Friday, August 31, 2007

A horse sneezes and an industry catches the flu

Strange goings-on in Australia this week. An outbreak of horse flu (more properly known as equine influenza) has shut down the horse racing industry. This may not sound like a big deal but horse racing (or more specifically, the attendant betting) is a big deal in Australia.

Aussie are mad for gambling. The old saying is that if there was nothing else, Australians would bet on two flies crawling up a wall. Horseracing in Australia involves billions of dollars a year so when it grinds to a halt a few people start squeaking.

It's also happened at the worst possible time. The biggest part of the racing calendar in Australia is the Spring Racing Carnival which was due to start in the coming months. As I understand it, Sydney's Spring carnival has been cancelled because of the horse flu being found at their major racecourse. It isn't this bad in Melbourne (yet) which is lucky because the major horse race of the year is in Melbourne on the first Tuesday in November.

It's hard to describe how big the Melbourne Cup is in Australia. I guess horse racing is big almost everywhere but the Melbourne Cup is different. I understand the Kentucky Derby is regarded as somewhat of a big deal by locals. On Melbourne Cup day, we have a public holiday. For a horse race.

I think it is a uniquely Australian trait to get so obsessed about a horse race which is a really inconsequential thing when you get down to it. I imagine a lot of people in the racing industry are on serious doses of tranquilisers right now. To try and control the spread of the disease there is a complete freeze on the movement of horses across Australia.

There's no confirmed cases of horse flu in Melbourne yet and because of the impact it would have on the Melbourne Cup, a lot of people are holding their breath at the moment. I believe the racing industry have set up machine guns along the Victorian border and are shooting at anything vaguely horse-shaped they see.

Tori Spelling is advised not to show her face in Australia anytime soon.

The big problem is that horse flu was unknown in Australia prior to this outbreak. Because it didn't exist here, none of our horses have any resistance to it. If one horse gets it, ever horse it comes into contact with will get it. It isn't killing horses yet, apparently it's like human flu in that regard - it's most dangerous to the very old, the very young and those already sick.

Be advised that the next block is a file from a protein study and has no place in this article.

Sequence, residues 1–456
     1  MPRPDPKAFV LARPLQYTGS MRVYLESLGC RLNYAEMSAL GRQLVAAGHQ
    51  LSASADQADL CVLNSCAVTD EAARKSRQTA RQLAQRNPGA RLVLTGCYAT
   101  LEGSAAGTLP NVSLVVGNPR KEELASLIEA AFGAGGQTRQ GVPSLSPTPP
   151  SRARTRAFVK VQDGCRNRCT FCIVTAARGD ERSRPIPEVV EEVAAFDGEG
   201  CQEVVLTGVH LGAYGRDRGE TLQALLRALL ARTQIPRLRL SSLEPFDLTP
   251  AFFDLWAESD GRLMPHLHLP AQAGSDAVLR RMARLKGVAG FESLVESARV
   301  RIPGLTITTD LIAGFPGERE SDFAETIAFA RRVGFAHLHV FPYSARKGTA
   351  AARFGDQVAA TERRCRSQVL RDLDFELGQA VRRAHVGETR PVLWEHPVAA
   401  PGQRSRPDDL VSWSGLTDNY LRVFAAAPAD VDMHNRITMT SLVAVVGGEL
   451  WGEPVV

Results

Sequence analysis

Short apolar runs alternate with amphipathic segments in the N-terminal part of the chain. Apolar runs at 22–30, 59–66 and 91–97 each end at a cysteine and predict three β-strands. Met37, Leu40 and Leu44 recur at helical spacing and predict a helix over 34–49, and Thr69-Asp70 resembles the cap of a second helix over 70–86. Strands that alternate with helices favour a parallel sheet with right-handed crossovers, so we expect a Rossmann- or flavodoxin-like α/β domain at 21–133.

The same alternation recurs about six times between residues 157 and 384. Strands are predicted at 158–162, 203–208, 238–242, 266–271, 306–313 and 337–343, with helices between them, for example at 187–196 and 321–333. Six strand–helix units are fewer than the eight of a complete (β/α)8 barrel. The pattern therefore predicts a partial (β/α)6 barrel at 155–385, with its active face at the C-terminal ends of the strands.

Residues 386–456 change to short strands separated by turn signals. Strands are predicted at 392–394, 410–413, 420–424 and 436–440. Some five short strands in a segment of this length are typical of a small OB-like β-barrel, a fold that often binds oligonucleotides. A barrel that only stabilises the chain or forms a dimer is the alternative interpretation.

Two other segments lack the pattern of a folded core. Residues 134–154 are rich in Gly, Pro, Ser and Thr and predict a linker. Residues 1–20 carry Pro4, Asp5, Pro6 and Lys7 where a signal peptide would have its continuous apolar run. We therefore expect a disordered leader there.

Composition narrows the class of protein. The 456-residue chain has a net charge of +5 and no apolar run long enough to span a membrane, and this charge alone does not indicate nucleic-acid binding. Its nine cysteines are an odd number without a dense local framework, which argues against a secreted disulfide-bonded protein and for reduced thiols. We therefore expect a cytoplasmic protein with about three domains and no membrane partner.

Oh, and unlike avian flu, there is apparently no danger of transmission to humans so we're not about to be wiped out by a killer plague. Phew. But a few people will be out of pocket. I did hear some announcers on the radio this morning joking "Won't someone think of the milliners?" It's a big tradition for the ladies to wear outlandish hats to the Spring Racing Carnival. It looks like that won't be happening this year.

Jokes aside, a few hat makers will be freaking out right now. I'm pretty sure they depend on Spring Racing the same way florists depend on Valentine's Day and Mother's Day. Without this annual boost to their revenue, a lot of them are going to be utterly screwed.

At the big end of town, the NSW betting authority (a government licensed company called TAB is the only outlet allowed to take legal bets) says the cancellation of racing in Sydney means a loss of about $50 million a week in wagers. There are estimates that the cancellation of the Victorian Spring Racing Carnival would mean $50 million a day!

I have a bit of trouble getting too worked up about this figure. It isn't the same as factories being shut down or mines being closed or primary industry being crippled by drought. That $50 million isn't literally being lost. Quite the opposite really - it's staying in punters' pockets. That's rent being paid and kids being fed. Maybe even a few less lives being ruined. It isn't all bad.

I wonder if we still get a holiday if the Melbourne Cup is cancelled?

No comments: